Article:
Category Archives: Employment Law

Fry’s to Shell Out $2.3 Million in Retaliation Lawsuit

Fry's Electronics, the nationwide retailer, will pay $2.3 million to settle a retaliation lawsuit brought against it by the federal government.  Ka Lam, a supervisor in a store in Washington, claimed that he was retaliated against when he alerted management that an assistant store manager was sending inappropriate text messages to a young sales associate.  Lam was terminated.  The company told him the reason was a decline in performance, though he was frequently recognized for doing a good job.  The size of this settlement for a single plaintiff case is very unusual.  Federal law typically caps punitive damages in most employment cases to $300,000.  Certain states have more favorable laws, allowing a plaintiff to seek more than the federal statutory cap.  Illinois is not one of those states.

Fair Wage Law Debated

Eugene Hollander was quoted on August 9, 2012 on Northwestern University's Medill Reports website concerning a proposed bill which would eliminate an exemption under the Fair Labor Standards Act, (FLSA).  Under the FLSA, certain employers are entitled to pay disabled workers less than the minimum wage.  The proposed bill would eliminate that exemption, and phase out certificates over the next few years which have been granted by the government.

Six Sales Representatives File Civil Rights Lawsuit Against Rogers Auto Group

Today, The Law Offices of Eugene K. Hollander filed a federal civil rights lawsuit against Rogers Auto Group, Inc., a car dealership located in the Bronzeville area of Chicago. The law firm represents Jermaine Thomas, Fred Redeaux, Abdulaziz Tayeh, Darius Fox, Charles Barnett, and Dion Turner. Tayeh is a Muslim and the other Plaintiffs are African American. The Plaintiffs allege that they were subjected to a racially hostile work environment by management. The Plaintiffs allege that they were subjected to racial slurs such as "boy," "porch monkey," and that Tayeh was subjected to references associating him with Osama Bin Laden, Al-Qaeda, and labelling him as a terrorist. After The Hollander Law Offices informed the dealership of the claims, the lawsuit alleges that it promptly terminated Thomas and Fox. Redeaux quit because of the way he was treated afterward, and has a claim pending for constructive discharge.  Tayeh also has a claim of religious discrimination which is pending with the EEOC.  Once served, the Defendant will have 21 days to file a response in court.  The story was featured on CBS Channel 2 Chicago.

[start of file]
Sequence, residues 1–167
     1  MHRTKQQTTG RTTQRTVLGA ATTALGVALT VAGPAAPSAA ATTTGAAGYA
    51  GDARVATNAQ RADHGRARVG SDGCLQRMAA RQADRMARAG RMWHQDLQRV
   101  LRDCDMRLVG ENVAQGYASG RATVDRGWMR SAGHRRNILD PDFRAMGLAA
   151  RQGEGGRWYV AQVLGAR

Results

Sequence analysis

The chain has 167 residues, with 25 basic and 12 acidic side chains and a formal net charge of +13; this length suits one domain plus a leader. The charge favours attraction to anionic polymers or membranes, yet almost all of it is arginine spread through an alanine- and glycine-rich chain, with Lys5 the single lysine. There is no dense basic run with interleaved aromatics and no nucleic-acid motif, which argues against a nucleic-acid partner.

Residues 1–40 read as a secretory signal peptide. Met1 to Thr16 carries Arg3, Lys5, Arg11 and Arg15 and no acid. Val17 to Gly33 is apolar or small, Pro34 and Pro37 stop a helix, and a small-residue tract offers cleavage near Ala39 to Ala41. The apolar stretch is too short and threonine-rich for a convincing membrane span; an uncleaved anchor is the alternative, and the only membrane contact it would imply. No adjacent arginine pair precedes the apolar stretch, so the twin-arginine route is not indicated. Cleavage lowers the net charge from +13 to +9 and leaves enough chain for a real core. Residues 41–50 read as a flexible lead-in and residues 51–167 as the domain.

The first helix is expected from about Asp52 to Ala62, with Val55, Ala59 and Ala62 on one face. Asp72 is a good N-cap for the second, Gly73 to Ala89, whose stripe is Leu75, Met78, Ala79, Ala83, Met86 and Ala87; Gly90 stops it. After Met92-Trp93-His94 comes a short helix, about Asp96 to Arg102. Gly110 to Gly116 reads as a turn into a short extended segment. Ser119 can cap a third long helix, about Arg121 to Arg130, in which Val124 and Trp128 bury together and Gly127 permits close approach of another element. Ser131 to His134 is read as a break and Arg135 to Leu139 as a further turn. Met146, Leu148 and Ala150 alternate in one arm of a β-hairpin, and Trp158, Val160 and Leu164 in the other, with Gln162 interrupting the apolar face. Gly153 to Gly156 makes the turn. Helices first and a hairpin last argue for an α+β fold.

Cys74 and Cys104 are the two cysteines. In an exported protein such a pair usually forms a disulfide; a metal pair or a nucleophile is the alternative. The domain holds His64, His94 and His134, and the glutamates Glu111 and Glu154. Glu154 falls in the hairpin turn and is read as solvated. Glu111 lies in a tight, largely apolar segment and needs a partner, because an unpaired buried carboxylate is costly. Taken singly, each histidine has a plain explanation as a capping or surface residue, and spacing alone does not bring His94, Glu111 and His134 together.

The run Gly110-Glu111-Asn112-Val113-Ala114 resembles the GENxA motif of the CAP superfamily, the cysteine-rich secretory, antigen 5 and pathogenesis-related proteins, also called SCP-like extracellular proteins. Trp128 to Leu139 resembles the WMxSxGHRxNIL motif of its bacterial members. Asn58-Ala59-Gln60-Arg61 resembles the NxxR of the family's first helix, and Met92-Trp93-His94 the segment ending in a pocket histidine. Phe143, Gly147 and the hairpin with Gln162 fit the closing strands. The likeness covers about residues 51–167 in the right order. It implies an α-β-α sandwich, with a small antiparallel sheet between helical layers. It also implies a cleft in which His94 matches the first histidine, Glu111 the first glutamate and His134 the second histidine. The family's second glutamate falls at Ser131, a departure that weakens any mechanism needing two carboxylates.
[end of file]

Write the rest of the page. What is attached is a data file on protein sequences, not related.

Former Employee Files Racial Harassment and Retaliation Lawsuit Against Al Piemonte Suzuki

The Law Offices of Eugene K. Hollander filed a civil rights lawsuit against Al Piemonte Suzuki on behalf of former employee Laurence "Lonnie" Phifer yesterday.  Phifer, an African American, had spent two decades working as a car salesman.  He was employed as a sales representative at the car dealership from August 15, 2011 through April 25, 2012.  According to the allegations in the lawsuit, Mr. Phifer was subjected to numerous racial insults by his white managers, who used the "N" word and made offensive racial jokes.  Oftentimes, management used the intercom system at the dealership to broadcast these racial epithets.  One of his managers text messaged racially offensive photos to him.  Mr. Phifer complained about the hostile work environment to management, but the dealership did nothing.  Toward the latter end of his employment, Mr. Phifer saw a racially offensive cartoon posted in the dealership.  On April 25, 2012, Al Piemonte Suzuki unlawfully retaliated against my client by terminating his employment for the purported reason of “low production.”  Mr. Phifer denies that his sales were low; rather, he was the top grossing salesman at the dealership at the time.   Mr. Phifer is presently unemployed.  Once served, the dealership will have 21 days to formally answer the Complaint.  The filing was widely covered in the media, including NBC, ABC and WGN.

Jury Returns $5 Million Verdict in Discrimination Case for Muslim Woman

A jury in Jackson County, Missouri awarded a woman $5 million in a religious discrimination case against AT & T.  The state court jury awarded Susan Bashir $5 million in punitive damages along with $120,000 in lost wages and other damages.  According to the Kansas City Star, the verdict appears to be the largest award in Missouri history.  Bashir claimed that her work environment became hostile after she converted to Islam.  She alleged that her co-workers made harassing comments about her religion.  Bashir worked as a fiber optics network builder for about 10 years before she was fired.  She was earning $70,000 per year.  Bashir contended that she endured discriminatory remarks on a daily basis for the last three years of her employment, including being asked if she was going to blow up the building, being called a "towelhead," and a terrorist.  Bashir will not see the full award, however.  State law limits punitive damage awards to five times the actual damages and attorney's fees.  Under federal law, punitive damages are limited to $300,000 against the largest employers, except in race discrimination cases.  Bashir said that she called an employee hotline in 2005, but nothing happened.  Bashir claimed that she could not return to work after enduring the harassment.  Nine months later, the company fired her.  We counsel our clients to make a record of each complaint to management - whether it be to a hotline or upper management.  If the company fires the employee after the complaint, he or she may have a viable retaliation claim as well, in addition to a substantive discrimination claim.